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A New Testament Church?

June 3, 2009

There seems to be a recent trend making it’s way through the evangelical community in regards to “house churches.” Maybe it’s not recent, but I’ve run across this subject a number of times in recent weeks, whether through blogs, books, or discussions. While I’m sure there is a variation as to why a house church is preferable to a, uh, church church (?), one of the basic reasons is that the New Testament church met in houses, so we should try to get back to that model. Even among large churches there seems to be an emphasis on small groups or community groups as the more meaningful worship experience.

I recently heard an interview with a guy who is a full-on regulative principle proponent. Basically, the regulative principle states that the church’s worship must be based ONLY on what is commanded/recorded in the Bible (specifically the New Testament). So, for instance, the NT doesn’t record musical instruments, so they’re not to be used nowadays. This guy was pretty strict, but I noticed he didn’t say anything about meeting in a church, even though the church only met in houses in the NT. On the flip side, many who subscribe to the house church model seem to be pretty free with their worship style. I found that to be a pretty amusing observation that probably has nothing to do with each other…. anyways…..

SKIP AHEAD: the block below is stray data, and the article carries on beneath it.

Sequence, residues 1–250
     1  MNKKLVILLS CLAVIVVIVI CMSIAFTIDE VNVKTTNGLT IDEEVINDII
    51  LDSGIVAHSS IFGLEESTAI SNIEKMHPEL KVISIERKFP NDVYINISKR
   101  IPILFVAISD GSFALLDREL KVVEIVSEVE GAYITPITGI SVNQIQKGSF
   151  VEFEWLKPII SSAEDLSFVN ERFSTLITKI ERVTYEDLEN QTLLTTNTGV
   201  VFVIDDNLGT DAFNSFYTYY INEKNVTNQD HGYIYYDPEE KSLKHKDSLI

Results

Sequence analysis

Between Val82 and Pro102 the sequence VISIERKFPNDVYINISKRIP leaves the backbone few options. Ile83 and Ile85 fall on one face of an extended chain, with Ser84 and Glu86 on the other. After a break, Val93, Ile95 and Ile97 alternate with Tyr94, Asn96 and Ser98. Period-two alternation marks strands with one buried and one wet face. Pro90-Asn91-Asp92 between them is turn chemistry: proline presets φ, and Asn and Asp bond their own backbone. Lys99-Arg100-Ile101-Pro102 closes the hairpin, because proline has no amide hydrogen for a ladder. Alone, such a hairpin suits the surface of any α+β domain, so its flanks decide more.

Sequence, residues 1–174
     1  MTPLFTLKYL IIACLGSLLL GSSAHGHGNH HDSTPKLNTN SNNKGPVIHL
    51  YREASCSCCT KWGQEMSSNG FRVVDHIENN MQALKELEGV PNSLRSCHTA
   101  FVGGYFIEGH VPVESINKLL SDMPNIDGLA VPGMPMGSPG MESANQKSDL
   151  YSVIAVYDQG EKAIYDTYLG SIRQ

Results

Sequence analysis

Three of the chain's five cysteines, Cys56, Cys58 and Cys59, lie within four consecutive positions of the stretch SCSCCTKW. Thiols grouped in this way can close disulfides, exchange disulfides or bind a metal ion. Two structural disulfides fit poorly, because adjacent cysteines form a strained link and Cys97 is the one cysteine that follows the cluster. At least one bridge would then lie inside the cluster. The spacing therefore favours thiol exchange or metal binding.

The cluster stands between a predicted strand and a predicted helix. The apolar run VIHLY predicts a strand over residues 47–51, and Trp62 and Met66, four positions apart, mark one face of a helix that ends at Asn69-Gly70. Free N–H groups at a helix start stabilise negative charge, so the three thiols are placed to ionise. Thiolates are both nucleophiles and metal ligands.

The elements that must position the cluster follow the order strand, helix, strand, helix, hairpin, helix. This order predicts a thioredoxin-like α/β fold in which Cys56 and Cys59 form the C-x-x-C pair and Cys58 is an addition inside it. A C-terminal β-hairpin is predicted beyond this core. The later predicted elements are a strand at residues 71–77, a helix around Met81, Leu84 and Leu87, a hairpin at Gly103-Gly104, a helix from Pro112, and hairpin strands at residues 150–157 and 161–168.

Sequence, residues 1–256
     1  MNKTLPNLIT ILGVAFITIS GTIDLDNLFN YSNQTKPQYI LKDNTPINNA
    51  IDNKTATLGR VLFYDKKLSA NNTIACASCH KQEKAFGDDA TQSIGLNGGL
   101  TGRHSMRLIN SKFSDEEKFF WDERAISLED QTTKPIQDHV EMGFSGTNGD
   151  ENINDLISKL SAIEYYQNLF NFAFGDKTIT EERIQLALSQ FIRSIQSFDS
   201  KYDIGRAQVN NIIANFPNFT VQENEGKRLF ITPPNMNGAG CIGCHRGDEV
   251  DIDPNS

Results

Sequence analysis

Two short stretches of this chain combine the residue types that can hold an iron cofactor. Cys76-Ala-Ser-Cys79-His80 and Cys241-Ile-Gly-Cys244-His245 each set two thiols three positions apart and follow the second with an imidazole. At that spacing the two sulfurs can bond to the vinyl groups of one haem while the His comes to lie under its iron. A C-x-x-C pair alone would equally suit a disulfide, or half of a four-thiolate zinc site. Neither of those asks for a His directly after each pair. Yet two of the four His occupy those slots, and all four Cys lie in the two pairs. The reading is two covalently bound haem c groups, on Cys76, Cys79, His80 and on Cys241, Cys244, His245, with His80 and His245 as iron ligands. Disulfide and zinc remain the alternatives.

The main point I want to make here is that just because the NT church met in houses does not mean that we should be doing that today (this goes for the regulative principle as well). One of the characteristics of the church is maturity. When we read the Old Testament, we notice that worship began in a garden. From there it matured into altars, then to a tabernacle, and then to a glorious temple. The same can be said of the worshippers as well. There is a pointed maturing from Adam to David (and beyond). This maturing not only brings more wisdom (as the term “maturing” implies), but it also refers to glory and to size. Just as the worship place became bigger and more glorious, so the worshippers became wiser, more numerous, and more glorious.

This brings us to the New Testament. Here we see the church meeting in houses. First, we should not forget that meeting in houses just made sense back then. Christians were being persecuted and they had smaller numbers (Sure, there were 3000 saved at Pentecost – which, incidently, would have been a big honkin’ house – but they certainly went back to where they came from after Pentecost). As Christianity continued to grow, though, the numbers got bigger (obviously), the church became wiser (look at the early church fathers and the heresies they fought to overcome through various councils and creeds), and the church – and churches – became more glorious. This is what the church does – it matures. Part of that maturing entails building bigger and more beautiful churches that hold more people. Part of that maturing also entails developing more beautiful and helpful liturgies that assist in making the church wiser. These are things that would most surely be lost if the church reverted back to meeting in houses. Of course, sometimes a house church is necessary, but it should never be the end goal. The end goal is to see the whole community worship Christ… and you’re gonna need a bigger church for that!
notre-dame-night

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